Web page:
Why was the initiative started? (EN)
The digital transformation of industry, government and society is well underway. As the famous inventor, software developer and investor Marc Andreessen pointed out in 2011: ‘Software is Eating the World’ - is a prediction that has become true in almost every aspect of business and life. However, the efficiency of the software itself was never a concern, it was more important to ‘eat’ more and more processes, systems, and industries with software at breathtaking speed. In the last decade, computer hardware was cheap compared to the time & costs of the software developers, leading to a philosophy of ‘adding more metal’ rather than spending more time on optimizing computer code.
From a social acceptance and technical feasibility point of view this approach has reached its limitations. The public and governments are increasingly questioning the environmental impact and resource consumption of the digital economy. And hardware itself has reached the limits of miniaturization and acceleration as exemplified by the end of Moore’s Law. Now, as we can see increasingly with Hyperscale data centers, we have no choice but to scale the infrastructure and amount of servers to reach new levels of performance.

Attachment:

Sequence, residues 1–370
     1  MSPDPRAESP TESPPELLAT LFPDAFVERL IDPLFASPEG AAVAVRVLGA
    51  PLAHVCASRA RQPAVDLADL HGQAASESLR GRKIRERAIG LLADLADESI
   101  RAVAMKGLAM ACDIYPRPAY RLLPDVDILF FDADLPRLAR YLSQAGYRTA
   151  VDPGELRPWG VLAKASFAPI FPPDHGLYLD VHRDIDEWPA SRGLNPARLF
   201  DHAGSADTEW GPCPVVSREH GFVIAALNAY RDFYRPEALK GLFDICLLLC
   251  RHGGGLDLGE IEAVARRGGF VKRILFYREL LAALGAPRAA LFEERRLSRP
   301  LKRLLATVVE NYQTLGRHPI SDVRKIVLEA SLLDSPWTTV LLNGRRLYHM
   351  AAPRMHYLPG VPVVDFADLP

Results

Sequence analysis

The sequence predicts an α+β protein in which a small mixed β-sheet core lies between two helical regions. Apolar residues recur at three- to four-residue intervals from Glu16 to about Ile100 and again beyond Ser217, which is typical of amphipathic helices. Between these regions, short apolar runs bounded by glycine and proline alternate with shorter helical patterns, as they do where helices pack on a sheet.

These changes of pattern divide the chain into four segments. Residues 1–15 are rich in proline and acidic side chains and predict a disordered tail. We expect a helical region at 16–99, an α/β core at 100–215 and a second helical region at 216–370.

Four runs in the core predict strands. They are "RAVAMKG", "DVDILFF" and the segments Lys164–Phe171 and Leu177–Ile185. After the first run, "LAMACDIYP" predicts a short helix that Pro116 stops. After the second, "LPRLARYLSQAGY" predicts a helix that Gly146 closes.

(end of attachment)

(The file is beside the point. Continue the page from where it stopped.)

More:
But it all starts with software, its architecture and the developers who are writing the code. To create transparency around energy use and give developers tools to reduce the required energy of their software, the German government has launched a new project together with the SDIA. The project has been launched and is financed by the Federal Ministry of Economics in collaboration with the German Environment Agency and also involves the Öko-Institut e.V. which has already developed a methodology to measure energy use in software. The SDIA has further partnered with the VU Amsterdam’s Green Lab to ensure alignment across Europe.
- Software is consuming more and more resources
- Mainly because simply adding hardware was cheaper than programming energy and resource-efficient code
- Moore’s Law is slowing down and software inefficiencies can no longer be compensated by simply miniaturizing and accelerating the hardware
- So-called “Software Bloating” is increasingly responsible for the high energy demands of software and thus providing software developers with tools to address this problem can save a lot of energy and resources
- Therefore UBA has initiated this project which is financed by the BMWK in order to develop a methodology to assess the energy efficiency of code and provide a simple tool for software developers that they can embed into their development process